2) Instead, let’s consider your current age, how much wealth you’ve already accumulated (as a multiple of salary), your stock allocation, your salary pattern, the replacement rate you wish to obtain in retirement from your savings, and what you think might be your reasonable maximum lifespan for your planning purposes. Using this information, we can simulate what would have happened for hypothetical individuals with the same characteristics in all the rolling periods from the historical data. I define a “safe” retirement plan as one that would have worked in the worst-case scenario offered thus far by history. You can decide beyond this whether you feel optimistic to plan for something better than the worst-case scenario, or whether you might plan for something even worse.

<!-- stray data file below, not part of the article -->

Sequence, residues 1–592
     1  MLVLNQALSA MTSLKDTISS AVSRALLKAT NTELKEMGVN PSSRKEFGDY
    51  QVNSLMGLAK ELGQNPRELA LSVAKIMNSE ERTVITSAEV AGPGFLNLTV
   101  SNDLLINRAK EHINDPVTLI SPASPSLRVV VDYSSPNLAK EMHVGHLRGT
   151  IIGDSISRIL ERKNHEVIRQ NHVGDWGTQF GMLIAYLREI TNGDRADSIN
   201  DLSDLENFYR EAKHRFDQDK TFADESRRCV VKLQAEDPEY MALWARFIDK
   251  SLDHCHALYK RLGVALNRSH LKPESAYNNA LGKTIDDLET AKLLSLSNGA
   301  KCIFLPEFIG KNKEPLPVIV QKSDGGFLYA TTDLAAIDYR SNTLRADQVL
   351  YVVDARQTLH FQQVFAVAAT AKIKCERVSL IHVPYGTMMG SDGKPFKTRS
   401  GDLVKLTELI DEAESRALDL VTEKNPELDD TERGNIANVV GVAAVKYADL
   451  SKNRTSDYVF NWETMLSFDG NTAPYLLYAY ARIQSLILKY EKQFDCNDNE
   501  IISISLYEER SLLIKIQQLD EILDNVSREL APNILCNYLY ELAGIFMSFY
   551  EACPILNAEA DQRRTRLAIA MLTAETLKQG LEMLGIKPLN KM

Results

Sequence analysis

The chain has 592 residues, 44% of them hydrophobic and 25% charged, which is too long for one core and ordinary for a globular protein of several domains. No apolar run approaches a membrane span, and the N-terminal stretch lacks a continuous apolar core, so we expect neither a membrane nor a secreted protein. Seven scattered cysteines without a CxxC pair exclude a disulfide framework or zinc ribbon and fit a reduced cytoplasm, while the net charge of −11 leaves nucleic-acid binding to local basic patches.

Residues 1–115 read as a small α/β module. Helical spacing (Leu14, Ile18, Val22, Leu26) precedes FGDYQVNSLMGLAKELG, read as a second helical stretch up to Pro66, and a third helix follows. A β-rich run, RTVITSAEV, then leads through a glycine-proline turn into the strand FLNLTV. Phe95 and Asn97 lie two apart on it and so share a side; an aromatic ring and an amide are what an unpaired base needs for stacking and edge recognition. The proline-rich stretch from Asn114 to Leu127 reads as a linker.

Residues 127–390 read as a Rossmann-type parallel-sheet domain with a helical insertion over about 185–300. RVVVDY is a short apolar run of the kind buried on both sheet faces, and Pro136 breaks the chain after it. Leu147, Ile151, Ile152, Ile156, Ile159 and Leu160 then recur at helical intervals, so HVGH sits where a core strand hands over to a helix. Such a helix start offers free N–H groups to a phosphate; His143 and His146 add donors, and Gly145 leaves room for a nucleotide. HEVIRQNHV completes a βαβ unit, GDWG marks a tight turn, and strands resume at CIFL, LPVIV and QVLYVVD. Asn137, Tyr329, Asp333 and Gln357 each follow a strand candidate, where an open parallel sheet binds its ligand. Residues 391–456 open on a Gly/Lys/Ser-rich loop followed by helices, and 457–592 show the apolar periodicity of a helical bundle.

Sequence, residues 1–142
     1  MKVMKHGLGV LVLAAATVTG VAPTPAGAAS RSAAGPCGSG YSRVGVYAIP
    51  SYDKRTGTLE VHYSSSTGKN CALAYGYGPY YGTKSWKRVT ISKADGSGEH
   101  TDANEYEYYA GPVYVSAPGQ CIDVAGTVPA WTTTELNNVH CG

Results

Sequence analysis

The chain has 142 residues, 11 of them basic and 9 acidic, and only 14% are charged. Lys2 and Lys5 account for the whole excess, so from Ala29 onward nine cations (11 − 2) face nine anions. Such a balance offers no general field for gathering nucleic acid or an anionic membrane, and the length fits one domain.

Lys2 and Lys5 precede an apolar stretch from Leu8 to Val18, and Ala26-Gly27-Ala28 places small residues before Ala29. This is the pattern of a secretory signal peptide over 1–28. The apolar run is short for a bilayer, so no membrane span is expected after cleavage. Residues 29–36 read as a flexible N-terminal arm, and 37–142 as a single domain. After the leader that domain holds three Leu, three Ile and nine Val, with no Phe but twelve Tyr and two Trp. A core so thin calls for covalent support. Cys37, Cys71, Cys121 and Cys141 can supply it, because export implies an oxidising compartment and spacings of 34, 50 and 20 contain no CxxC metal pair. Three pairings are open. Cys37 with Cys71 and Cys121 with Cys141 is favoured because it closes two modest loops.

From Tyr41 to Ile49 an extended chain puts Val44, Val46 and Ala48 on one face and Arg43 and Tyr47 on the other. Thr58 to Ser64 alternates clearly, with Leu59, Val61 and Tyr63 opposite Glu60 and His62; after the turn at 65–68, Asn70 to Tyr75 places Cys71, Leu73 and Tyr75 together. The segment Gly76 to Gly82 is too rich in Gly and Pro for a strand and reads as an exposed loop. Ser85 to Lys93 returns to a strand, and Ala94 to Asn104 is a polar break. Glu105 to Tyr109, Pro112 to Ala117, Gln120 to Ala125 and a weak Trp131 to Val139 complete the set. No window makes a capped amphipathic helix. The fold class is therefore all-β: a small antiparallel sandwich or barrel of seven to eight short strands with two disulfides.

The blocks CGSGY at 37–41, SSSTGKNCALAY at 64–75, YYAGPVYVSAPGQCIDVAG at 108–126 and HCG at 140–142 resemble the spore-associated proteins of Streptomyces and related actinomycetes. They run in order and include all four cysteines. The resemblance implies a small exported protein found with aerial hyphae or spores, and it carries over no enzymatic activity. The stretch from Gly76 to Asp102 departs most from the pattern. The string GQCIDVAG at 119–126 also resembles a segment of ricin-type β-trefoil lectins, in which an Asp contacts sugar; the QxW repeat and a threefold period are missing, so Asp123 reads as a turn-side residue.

In the paper, I provide a lot of details for an example of someone aged 55 who currently saved 4 multiples of her salary. She wants to plan for expenditures through age 100, wants to maintain a 60/40 asset allocation for the rest of her life, and wants to enjoy a 50% replacement rate of her (constant real) salary from her savings after retirement (Social Security and other income sources are added on top of this 50%). Various “safe” strategies (i.e. those working in the worst-case scenario from history) for her include:
-save 52% of her salary for the next 10 years (Retire at 65)
-save 15% of her salary for the next 16 years (Retire at 71)
-save 0% of her salary for the next 21 years (Retire at 76)
These numbers are the reality for her. If they seem too demanding (only having 4 multiples of salary saved by age 55 does leave a harsh road ahead), then a more realistic retirement plan needs to be made. Table 2 of the paper provides many more details about the “safe” retirement ages for various asset allocations, wealth accumulations, savings rates, and replacement rates for this 55 year old.